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Minimization of the Legionella pneumophila genome reveals chromosomal regions involved in host range expansion

By Tamara J. O’Connor, Yewande Adepoju, Dana Boyd and Ralph R. Isberg


Legionella pneumophila is a bacterial pathogen of amoebae and humans. Intracellular growth requires a type IVB secretion system that translocates at least 200 different proteins into host cells. To distinguish between proteins necessary for growth in culture and those specifically required for intracellular replication, a screen was performed to identify genes necessary for optimal growth in nutrient-rich medium. Mapping of these genes revealed that the L. pneumophila chromosome has a modular architecture consisting of several large genomic islands that are dispensable for growth in bacteriological culture. Strains lacking six of these regions, and thus 18.5% of the genome, were viable but required secondary point mutations for optimal growth. The simultaneous deletion of five of these genomic loci had no adverse effect on growth of the bacterium in nutrient-rich media. Remarkably, this minimal genome strain, which lacked 31% of the known substrates of the type IVB system, caused only marginal defects in intracellular growth within mouse macrophages. In contrast, deletion of single regions reduced growth within amoebae. The importance of individual islands, however, differed among amoebal species. The host-specific requirements of these genomic islands support a model in which the acquisition of foreign DNA has broadened the L. pneumophila host range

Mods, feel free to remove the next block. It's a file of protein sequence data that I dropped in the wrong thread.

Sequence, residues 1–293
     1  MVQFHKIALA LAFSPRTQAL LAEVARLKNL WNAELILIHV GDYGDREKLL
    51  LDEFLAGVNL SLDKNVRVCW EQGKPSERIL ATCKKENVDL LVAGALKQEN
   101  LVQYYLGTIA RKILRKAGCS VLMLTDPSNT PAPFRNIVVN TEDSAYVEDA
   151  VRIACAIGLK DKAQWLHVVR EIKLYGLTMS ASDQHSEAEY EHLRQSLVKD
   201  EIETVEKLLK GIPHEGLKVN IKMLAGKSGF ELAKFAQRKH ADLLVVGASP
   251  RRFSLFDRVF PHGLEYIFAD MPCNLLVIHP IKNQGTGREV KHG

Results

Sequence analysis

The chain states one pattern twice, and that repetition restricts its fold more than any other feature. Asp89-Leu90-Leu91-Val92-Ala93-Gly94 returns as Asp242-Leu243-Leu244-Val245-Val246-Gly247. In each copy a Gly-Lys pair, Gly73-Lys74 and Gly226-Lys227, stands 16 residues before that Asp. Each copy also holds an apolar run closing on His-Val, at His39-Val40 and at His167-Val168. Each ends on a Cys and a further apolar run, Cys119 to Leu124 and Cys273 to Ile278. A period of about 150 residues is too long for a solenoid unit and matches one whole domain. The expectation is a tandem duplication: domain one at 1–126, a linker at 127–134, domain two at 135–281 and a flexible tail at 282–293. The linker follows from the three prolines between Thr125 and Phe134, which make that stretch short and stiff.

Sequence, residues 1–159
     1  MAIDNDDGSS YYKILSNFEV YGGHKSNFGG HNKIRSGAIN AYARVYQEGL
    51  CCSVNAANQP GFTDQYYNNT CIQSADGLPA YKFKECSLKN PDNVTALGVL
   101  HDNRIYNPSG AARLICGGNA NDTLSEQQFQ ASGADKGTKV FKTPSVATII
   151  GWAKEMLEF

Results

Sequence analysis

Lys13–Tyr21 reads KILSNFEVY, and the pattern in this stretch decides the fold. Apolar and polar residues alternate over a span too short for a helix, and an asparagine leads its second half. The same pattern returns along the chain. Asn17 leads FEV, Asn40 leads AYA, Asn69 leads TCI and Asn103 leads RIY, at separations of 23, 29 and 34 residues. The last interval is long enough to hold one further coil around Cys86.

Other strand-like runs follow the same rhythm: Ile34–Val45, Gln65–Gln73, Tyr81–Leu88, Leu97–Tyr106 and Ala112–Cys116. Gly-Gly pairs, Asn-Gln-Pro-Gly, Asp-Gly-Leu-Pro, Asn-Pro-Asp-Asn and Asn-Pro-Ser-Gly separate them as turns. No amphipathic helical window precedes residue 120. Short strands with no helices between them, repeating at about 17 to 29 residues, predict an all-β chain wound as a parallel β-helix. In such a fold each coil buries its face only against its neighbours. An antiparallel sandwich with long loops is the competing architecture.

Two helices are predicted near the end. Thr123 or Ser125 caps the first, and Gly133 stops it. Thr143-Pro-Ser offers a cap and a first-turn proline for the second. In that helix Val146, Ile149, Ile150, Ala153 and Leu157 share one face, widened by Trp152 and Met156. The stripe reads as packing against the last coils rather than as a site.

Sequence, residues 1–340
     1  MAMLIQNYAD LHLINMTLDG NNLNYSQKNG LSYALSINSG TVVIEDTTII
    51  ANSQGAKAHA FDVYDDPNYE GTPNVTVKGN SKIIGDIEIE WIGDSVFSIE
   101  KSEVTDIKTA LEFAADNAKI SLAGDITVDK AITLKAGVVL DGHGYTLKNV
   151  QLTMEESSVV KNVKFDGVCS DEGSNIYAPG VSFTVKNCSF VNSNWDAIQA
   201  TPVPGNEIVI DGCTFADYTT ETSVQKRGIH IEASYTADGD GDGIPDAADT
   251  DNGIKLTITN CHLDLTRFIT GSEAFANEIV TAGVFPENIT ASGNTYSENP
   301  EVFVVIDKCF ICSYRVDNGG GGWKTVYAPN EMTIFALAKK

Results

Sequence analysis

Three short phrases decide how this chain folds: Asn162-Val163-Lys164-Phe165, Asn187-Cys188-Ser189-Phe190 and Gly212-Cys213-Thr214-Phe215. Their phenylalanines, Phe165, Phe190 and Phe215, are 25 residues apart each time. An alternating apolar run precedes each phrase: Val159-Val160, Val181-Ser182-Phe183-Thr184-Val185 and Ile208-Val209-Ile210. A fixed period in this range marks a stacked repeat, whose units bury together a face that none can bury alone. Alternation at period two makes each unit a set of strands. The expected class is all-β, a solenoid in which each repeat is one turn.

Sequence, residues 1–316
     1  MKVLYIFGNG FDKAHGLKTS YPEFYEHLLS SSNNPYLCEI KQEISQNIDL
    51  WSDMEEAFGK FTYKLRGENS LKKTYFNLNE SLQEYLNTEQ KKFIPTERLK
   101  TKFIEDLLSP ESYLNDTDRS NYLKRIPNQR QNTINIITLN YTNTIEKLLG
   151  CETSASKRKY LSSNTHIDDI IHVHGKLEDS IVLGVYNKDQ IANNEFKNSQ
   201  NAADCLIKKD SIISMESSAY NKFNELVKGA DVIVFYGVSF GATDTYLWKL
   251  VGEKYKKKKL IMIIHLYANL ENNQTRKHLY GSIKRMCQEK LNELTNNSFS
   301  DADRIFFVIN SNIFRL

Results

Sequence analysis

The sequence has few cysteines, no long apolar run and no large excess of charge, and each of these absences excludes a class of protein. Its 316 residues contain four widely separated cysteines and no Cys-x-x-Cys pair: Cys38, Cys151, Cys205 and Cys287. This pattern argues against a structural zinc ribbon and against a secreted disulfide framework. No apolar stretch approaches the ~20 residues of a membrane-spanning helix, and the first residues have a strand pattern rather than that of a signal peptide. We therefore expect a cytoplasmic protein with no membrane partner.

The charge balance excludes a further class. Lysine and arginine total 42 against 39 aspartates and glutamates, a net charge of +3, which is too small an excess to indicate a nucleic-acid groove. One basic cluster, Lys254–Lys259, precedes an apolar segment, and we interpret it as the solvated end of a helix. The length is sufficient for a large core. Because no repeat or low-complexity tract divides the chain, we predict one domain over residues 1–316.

Topics: Biological Sciences
Publisher: National Academy of Sciences
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Provided by: PubMed Central
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